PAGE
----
The Comeback Kid
Katrin Finds Her Edge
ATHLETE INTERVIEW: KATRIN DAVIDSDOTTIR
If you’ve heard of CrossFit, you’ve heard of Katrin Davidsdottir. Plain and simple.
It’d be hard not to know the name Davidsdottir, given her decade-long run on the individual circuit. The Icelandic dynamo first qualified for the Games as a then-18-year-old in 2012, but was cut after two days of events. (In true Katrin fashion, though, she would go on to earn Top 10 finishes in every Regional and Semifinal in the 11 years since.) With back-to-back CrossFit Games wins in 2015 and 2016, she became the second woman in Games history to be a repeat champion.
As of Thursday, Davidsdottir will have made her way to Madison 10 times.
“It’s both so special to be going into my 10th CrossFit Games and also so wild because I still feel like I just started. Each year has brought its own set of challenges that I’ve had to overcome, especially this one, coming off a year where I didn’t make it. But it lights me up and shows me how much I really want to be there. I’m just so excited to be back…I’m feeling as prepared as I’ve ever been.”
Davidsdottir’s name may not have been on the 2022 ticket—she placed 6th at the Strength in Depth Semifinal in London, England and 3rd in the online Last-Chance Qualifier— barely out of qualifying positions, but she’s making her comeback. In May, she finished second at the North America West Semifinal. It is her best Semis finish to date.
Coming into the week, she sits in a favorable position. It’s something she attributes to the inevitable switches in her routine following last season’s near miss. Davidsdottir left CrossFit Reykjavík in September, where she initially started her CF journey, and now trains out of CrossFit Coeur d'Alene in Idaho. She works closely with five-time Fittest Man on Earth Mat Fraser, following his HWPO programming.
“My training has changed a lot this year, with new coaches [and] moving over to HWPO. I’m doing some things for the first time ever 12 years into the sport, which is kind of crazy. [There’s] been an incredible team around me. I have so much trust in them. I feel like we’re leaving no stones unturned. Whatever they give me I put full effort in, and I know they’re guiding me in the right direction.”
The athlete has long supplemented her hard work with nutrition and recovery, a facet of CrossFit she is a huge proponent for. “It’s one of the most important things that I or anybody can do,” she advises, particularly now that training has ramped up.
“We put a lot of demand on our bodies every single day and we need it to recover so it can do its job again tomorrow. For me, a huge focus has honestly been to eat enough. I think I’ve always been very health-conscious when it comes to food, so this year the priority has been to eat to support the training. My [workout] volume has gone up. My lifting volume has gone up—that’s been my goal, to get stronger. And then [there’s] the recovery aspect, too…I’ll always prioritize great sleep and that’s what will most dictate my recovery.”
All of this—the strength training, the rest days, even the sleep—it fuels Katrin. Despite her 10+ years here, the magic of the sport has never left. If anything, it only shines that more intensely.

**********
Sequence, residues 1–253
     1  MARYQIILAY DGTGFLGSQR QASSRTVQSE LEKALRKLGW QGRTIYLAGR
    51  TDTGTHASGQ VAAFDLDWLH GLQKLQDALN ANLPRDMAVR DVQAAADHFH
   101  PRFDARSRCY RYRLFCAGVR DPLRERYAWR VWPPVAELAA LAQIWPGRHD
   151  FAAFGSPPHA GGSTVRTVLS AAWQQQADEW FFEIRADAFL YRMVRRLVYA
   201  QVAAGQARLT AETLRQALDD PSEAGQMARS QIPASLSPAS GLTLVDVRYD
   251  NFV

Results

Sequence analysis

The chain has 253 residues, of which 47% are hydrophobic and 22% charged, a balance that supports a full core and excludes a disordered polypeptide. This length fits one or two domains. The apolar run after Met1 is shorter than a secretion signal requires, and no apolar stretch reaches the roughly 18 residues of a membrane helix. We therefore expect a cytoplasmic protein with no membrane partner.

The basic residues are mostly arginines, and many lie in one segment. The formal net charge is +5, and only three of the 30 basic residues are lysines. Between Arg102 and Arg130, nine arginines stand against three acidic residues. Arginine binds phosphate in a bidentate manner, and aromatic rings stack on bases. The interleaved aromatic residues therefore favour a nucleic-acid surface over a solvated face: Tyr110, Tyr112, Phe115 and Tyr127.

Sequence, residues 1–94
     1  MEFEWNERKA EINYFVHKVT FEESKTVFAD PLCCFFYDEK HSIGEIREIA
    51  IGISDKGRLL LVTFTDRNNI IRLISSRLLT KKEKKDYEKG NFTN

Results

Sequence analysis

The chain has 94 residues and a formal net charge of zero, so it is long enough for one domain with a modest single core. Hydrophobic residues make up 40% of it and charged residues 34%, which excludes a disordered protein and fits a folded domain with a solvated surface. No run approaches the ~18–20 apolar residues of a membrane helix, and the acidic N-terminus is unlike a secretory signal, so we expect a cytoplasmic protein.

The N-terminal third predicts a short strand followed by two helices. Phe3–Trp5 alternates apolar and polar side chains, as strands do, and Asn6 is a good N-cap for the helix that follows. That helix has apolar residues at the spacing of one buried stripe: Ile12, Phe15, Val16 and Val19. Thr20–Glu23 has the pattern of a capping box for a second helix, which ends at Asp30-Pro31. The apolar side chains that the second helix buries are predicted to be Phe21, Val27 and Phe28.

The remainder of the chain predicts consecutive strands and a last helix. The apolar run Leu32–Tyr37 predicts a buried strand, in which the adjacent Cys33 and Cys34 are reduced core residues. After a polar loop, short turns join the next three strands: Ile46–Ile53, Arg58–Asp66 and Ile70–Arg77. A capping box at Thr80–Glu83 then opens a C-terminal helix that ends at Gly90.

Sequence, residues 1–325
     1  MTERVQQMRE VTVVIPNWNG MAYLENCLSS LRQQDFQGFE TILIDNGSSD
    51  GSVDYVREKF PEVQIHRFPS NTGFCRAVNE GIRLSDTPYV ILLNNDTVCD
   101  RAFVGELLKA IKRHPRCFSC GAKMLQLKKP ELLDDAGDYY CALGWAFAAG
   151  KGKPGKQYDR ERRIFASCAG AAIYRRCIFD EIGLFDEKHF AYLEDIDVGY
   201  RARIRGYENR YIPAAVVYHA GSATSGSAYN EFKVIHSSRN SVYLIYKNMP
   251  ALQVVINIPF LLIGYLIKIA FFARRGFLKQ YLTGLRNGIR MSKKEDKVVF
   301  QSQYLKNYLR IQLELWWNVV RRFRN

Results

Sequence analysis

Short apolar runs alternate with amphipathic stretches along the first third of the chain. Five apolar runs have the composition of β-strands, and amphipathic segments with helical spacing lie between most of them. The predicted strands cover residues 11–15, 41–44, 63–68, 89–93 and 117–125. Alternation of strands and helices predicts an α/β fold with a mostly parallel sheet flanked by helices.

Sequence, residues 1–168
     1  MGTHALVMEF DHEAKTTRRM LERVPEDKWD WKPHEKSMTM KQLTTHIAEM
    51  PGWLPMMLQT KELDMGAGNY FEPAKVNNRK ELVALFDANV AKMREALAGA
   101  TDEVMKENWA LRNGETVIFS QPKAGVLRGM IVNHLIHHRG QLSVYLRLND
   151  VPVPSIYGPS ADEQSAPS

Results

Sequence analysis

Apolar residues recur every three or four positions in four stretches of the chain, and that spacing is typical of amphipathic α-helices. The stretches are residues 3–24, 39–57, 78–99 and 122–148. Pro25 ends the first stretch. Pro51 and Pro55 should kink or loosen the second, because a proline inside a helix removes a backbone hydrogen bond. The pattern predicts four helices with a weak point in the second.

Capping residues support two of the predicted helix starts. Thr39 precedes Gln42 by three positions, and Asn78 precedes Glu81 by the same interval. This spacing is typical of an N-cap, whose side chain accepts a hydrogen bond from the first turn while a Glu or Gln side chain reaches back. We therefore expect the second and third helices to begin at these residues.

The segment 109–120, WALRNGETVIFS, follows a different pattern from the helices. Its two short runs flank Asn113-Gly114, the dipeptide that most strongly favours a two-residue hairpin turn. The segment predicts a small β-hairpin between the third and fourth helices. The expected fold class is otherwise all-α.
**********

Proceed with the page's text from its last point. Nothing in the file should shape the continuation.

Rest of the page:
“Something that has reignited me this year is my pure love of competition…It brings out the absolute best in me. It demands the most of me and that’s where I truly feel I can tap into my full potential. So just having fun with my training partners and really getting after it each day and just knowing that I left it out on the floor. That truly lights a fire in me.
So where does that leave her? The two-time champ turned 30 this year, but she’ll have you know she’s showing no signs of slowing down. As long as her body holds up, she says, her place is out on the competition floor. In her words, “for as long as possible.”
“I don’t know how many times I’ve said it, but [CrossFit] lights me on fire. And as long as I believe that I can get better, the hunt and the pursuit of that is so fun for me. Beyond that, I honestly don’t know. I don’t know where the sport is going to take me, and that’s something we’re going to have to wait to find out.”
Be it long or short, the remainder of her career will focus around filling a simple, yet specific goal. And it starts (and ends) with her.
“[I want] to make myself proud. I’ve been through years where I have accomplished that and I’ve been through years where I haven’t…I think the underlying thing is that if I [make myself proud\ every single day in training, I’m giving myself an opportunity to compete well and make myself proud there [too].”
She encourages this year’s rookies to do the same. CrossFit may be an inherently demanding sport, but that doesn’t always equate to grinding oneself into the ground. It’s a practice in patience and grace that she initially discounted as a beginner. To her, all that matters is doing your best—with an emphasis on YOUR.
“It’s easy to get caught up in comparison or be intimidated by athletes that you might have looked up to for a long time, but giving YOUR absolute best [is what will give you] your best outcome. I think that leaves room for you to surprise yourself.”
As for herself, it’s three words that keep her going and grounded.
Find your edge.
“Only I know where my edge is. Only I know if I’m pushing all the way toward my limit. Only I know if I cross that. That’s something I have to be very aware of—where to take risks, where to attack, where my edge is. I’m constantly trying to push that. Only I will know after a workout if I’ve hit my edge.”